Gallop Magazine 1/2013

Spring / 2013

We visit Qatar, tell you about Quarter Horse racing, give you the whole Triple

Gallop Magazine 1/2013
Gallop Magazine 1/2013

Crown story, bring you the worlds best fillies and mares and show you fantastic photos by Richard Dunwoody.


    Many race horses rarely see paddocks or grass. In large parts of the world, there is a methodology that keeps many trainers from letting horses be horses. But Down Under things are the other way around. Here holidays in the paddocks are an integrated part of race horse training. This holds true, even if the horse in question is a star like Black Caviar. Photos abound of her swimming in the ocean or munching on grass in a paddock with her pet goat. Because this is just the Ozzie way…
    Here is a glimpse into a part of the racing world that more people should learn about.


    Richard Dunwoody rode 1,699 winners in the UK alone. Over jumps. At 22 he won The Grand National. At 30 he did it again. In 1999 he retired and two years ago he decided to become a photographer. The result can be seen in this issue of Gallop Magazine.


    Drag racing on horse back.
    Pure speed.
    All horse.
    If you are looking for the fastest equine on Earth, look no further than the quarter horse. At their swiftest, racing quarter horses can exceed speeds of 55 miles per hour, meaning the only faster animals on the planet are the cheetah and the Pronghorn antelope. Of course, as the name implies, they are only at their best for a short distance.
    Amanda Duckworth tells the story of the fastest horse racing in the world.


    ”250 years ago, a young architect by the name of John Carr began a glittering career by designing a grandstand at York Racecourse in England. This was not merely York’s first grandstand, nor was it only the first grandstand of any thoroughbred racecourse, but–in the modern sense of building type–it was the first grandstand of any sporting venue anywhere in the world.” This is the beginning of Paul Roberts preface to his book Racecourse Architecture. A dive into the oldest form of sports venue architecture. We show you some of the most stunning examples.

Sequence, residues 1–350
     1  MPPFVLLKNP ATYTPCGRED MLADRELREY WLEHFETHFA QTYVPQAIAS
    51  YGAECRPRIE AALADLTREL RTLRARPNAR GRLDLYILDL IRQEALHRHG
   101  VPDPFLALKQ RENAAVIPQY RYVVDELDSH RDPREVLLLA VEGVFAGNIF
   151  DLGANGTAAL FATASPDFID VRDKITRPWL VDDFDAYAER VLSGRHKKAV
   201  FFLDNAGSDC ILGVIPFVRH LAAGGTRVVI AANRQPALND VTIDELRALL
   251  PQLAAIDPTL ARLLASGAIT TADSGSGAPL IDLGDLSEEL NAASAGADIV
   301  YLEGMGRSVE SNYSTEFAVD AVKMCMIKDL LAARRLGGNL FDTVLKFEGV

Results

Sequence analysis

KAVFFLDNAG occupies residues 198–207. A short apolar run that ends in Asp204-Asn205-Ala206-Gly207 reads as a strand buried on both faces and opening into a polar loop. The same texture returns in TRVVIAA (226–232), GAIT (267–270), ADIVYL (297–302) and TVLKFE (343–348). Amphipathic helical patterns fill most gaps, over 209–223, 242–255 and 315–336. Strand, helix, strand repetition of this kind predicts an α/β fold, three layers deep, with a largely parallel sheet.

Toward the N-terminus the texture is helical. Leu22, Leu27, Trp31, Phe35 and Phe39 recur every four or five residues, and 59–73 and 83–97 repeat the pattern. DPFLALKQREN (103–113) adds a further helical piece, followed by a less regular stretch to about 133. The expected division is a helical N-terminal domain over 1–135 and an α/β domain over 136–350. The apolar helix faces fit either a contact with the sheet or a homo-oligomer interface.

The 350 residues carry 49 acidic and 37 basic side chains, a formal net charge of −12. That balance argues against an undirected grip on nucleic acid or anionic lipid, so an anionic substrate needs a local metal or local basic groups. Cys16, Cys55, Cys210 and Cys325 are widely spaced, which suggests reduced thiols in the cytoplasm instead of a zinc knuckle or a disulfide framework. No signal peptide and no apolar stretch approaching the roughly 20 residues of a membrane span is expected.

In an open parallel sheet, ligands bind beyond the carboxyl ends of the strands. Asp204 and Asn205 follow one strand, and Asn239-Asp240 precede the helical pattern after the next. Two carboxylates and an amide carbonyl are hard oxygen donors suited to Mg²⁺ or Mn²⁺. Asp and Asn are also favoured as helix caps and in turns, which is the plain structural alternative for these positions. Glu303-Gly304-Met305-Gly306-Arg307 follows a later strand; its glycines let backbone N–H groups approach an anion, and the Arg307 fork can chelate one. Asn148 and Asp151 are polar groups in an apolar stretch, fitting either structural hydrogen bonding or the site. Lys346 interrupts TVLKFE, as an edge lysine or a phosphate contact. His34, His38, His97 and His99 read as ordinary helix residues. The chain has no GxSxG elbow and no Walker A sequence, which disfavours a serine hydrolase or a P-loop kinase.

(The picture shows Ascot – today and some 200 years ago)


    Ever wondered what makes up a triple crown? A three headed king? A king of three nations? Who needs three crowns?
    Well, in the world of horse racing, the Triple Crown is the title awarded to a racehorse who wins the biggest three races on the flat for 3-year-olds. In most European countries, those races are local runnings of the 2000 Guineas, Derby and St. Leger.
    But in the USA, where the Triple Crown is viewed as the Holy Grail of racing, the races the 3-year-olds must conquer are the Kentucky Derby, Preakness Stakes and Belmont Stakes. The horse that wins all three earns the title of Triple Crown winner, but the last time it happened was in 1978 when Affirmed won. When will it happen next time?

    We give you the story about the the three races, and all the horses that have won the title so far.


    As in so many other sports, horse racing is a place where the males get the big money.
    But in horse racing the girls are the ones that the crowds come to watch year after year. Many good fillies and mares keep fighting long after the boys have retired to a promiscuos life in the breeding shed.
    Here’s the first part of Geir Stabell’s tribute to 10 of racing’s true amazons where he tells the stories about Goldikova, Ruffian, Personal Ensign, Ouija Board and Makybe Diva. (Part two will follow in #2/2013)


    When the gates opened for the 2008 running of The Prix de l’Arc de Triomphe in Paris, experienced racing fans noticed that there was something different with the enormous Longchamp Racecourse. Everything that could be draped, painted or covered was in burgundy. And the word QATAR was everywhere.
    The small gulf state had taken its first big step into the global racing scene, and it was only the beginning.

    We tell you who is who in Qatar and give you a look at the racing scene in the “other gulf state”